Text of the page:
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Vacant homes can be tough to insure

If you're planning an extended vacation or a business trip, or if you move into a new home without selling your old one, you may have a problem with your home insurance. Because vacant homes can be targets for vandals, thieves and the homeless, insurance companies don't want to insure them.

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Insurers usually try to avoid insuring a vacant home, unless they know someone is frequently checking on it. Without that, the risk for claims-inducing damage soars. Besides an increased risk for vandalism and fire, vacant homes have the potential for flooding from burst pipes or being infested by insects or other vermin — which can cause extensive damage.

home insurance for vacant houses

Often, home insurance companies will give you a window in which a house can be vacant, such as 60 days (some insurers may allow only 30). After that, they may reserve the right to cancel your home insurance policy. Home insurers will often work with you if you have a special situation — for example, if you bought a new house and are waiting to sell your vacant house, but are still checking in on it.

A house that is regularly "checked on" shouldn't look vacant, even though it is. Someone should pick up the mail, mow the lawn, turn on lights and maybe even park a car in the driveway — anything that makes it an unattractive target for vandals and vagrants. Additionally, the person checking on the house should look inside regularly.

Another option is to have a "house sitter" in the home, keeping an eye on things. If a family member or friend can stay in the home for a period of time, the home is considered occupied. If family or friends are not available, house-sitting services are available in most areas, with rates subject to negotiation in many cases.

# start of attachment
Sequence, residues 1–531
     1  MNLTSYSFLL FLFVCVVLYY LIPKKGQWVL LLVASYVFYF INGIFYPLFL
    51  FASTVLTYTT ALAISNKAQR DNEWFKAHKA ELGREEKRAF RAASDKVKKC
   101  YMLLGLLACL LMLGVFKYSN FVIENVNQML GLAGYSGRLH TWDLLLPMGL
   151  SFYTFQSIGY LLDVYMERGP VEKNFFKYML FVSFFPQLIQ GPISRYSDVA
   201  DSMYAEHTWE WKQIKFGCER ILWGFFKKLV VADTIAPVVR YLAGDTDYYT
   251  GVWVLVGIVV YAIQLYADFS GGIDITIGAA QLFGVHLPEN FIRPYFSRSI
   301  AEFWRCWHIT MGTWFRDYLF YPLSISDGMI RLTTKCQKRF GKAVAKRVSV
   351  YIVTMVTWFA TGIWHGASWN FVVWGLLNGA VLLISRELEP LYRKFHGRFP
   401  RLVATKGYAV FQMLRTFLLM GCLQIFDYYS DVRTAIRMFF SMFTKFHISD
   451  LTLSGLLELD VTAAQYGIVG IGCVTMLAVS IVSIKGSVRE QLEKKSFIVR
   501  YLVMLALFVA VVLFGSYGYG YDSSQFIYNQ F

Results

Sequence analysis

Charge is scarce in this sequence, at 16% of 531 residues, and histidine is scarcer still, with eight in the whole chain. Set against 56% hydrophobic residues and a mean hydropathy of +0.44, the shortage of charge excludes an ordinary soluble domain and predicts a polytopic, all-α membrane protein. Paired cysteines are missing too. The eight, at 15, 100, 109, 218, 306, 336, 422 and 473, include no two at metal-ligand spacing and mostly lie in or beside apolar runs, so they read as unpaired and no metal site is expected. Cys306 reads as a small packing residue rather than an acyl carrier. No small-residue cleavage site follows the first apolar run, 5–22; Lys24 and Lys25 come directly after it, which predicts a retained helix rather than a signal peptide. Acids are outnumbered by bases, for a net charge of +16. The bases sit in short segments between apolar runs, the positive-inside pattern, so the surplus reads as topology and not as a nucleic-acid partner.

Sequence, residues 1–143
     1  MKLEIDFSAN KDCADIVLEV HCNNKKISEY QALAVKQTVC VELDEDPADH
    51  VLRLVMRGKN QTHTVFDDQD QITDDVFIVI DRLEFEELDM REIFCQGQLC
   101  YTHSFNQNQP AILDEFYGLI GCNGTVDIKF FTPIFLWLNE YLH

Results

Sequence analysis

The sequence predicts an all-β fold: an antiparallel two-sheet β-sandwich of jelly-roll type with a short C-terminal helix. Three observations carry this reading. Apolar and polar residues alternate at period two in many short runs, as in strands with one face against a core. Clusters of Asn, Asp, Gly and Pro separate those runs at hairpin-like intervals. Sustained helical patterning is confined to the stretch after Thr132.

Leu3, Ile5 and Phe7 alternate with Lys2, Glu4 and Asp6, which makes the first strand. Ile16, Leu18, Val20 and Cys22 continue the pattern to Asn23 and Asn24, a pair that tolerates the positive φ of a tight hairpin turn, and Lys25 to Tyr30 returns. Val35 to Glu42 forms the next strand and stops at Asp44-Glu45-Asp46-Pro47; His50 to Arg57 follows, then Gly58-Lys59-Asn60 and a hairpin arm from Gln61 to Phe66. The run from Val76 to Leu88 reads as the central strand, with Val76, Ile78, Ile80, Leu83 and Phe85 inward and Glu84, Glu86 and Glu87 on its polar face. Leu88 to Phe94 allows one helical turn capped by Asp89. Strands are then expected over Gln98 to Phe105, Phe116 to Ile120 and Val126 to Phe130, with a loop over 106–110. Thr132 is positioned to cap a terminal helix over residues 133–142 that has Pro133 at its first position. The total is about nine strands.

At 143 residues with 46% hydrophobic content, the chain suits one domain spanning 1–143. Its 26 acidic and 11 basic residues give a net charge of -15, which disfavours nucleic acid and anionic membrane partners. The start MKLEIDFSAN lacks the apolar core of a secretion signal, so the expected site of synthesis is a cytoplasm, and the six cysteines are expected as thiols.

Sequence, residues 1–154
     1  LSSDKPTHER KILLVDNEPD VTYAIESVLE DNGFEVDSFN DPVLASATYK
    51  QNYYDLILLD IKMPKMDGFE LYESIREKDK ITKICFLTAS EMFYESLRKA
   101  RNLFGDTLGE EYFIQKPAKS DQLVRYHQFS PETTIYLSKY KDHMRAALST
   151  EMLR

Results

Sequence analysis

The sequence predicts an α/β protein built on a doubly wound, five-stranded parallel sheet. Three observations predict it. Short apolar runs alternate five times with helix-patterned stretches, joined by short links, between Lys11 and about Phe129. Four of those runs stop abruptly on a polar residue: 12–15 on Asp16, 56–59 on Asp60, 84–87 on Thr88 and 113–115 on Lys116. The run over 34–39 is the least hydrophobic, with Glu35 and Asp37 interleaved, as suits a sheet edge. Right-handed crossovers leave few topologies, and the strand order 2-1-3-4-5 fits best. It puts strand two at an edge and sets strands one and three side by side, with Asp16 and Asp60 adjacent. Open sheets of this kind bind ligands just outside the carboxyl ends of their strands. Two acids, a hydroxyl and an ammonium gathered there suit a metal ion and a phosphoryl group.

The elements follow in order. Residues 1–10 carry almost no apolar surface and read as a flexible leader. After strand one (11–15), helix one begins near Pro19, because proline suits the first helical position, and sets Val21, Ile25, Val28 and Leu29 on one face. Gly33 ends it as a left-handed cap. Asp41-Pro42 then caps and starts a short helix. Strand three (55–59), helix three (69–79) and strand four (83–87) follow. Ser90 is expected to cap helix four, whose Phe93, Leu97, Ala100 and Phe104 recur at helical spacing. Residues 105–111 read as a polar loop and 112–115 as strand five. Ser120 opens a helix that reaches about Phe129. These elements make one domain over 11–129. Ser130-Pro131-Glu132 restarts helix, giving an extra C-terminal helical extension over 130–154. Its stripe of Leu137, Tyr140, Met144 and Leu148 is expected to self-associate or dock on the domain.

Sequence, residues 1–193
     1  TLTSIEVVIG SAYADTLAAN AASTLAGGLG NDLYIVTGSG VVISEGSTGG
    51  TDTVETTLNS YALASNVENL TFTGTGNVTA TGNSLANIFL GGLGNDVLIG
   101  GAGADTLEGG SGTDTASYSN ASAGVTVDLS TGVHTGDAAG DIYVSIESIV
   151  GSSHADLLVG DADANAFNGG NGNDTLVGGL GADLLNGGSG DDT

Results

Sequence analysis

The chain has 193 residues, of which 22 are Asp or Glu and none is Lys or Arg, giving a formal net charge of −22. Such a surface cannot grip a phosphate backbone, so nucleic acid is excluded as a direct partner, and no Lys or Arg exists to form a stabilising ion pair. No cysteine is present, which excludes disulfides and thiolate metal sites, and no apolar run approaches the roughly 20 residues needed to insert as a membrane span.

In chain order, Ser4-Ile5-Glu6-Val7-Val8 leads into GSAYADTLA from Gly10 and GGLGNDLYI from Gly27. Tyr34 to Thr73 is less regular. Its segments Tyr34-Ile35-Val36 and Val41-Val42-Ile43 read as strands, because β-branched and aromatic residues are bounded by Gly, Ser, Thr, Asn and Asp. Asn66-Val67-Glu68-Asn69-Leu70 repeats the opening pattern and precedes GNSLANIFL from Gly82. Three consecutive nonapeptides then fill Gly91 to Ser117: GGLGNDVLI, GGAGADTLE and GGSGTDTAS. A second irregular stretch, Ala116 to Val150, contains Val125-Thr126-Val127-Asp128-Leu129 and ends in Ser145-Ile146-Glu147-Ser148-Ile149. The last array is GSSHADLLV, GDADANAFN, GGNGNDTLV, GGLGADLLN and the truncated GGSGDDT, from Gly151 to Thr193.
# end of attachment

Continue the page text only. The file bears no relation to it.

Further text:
What to do when no one wants you

There are going to be cases when you won't be able to get a regular home insurance policy for a vacant house.

 

You may not be able to buy a regular home insurance policy for a vacant house, even if you call every agent in town. In those cases, you'll have to search for an insurance company that specializes in insuring vacant homes. Since special insurance policies for vacant homes are expensive, it may be cheaper to hire a house sitter. If your agent can't help you, try your state's insurance department. As a last resort, you can try your state's FAIR plan, which provides coverage to customers rejected by other insurers.

In New York, for example, the New York Property Insurance Underwriting Association (NYPIUA), a type of FAIR plan, takes on vacant homes — with some conditions and usually with high premium charges. NYPIUA is an association of private insurers that take on riskier properties.

In the end, the best advice is this: If you must leave a house unoccupied, do your best to limit its time alone.

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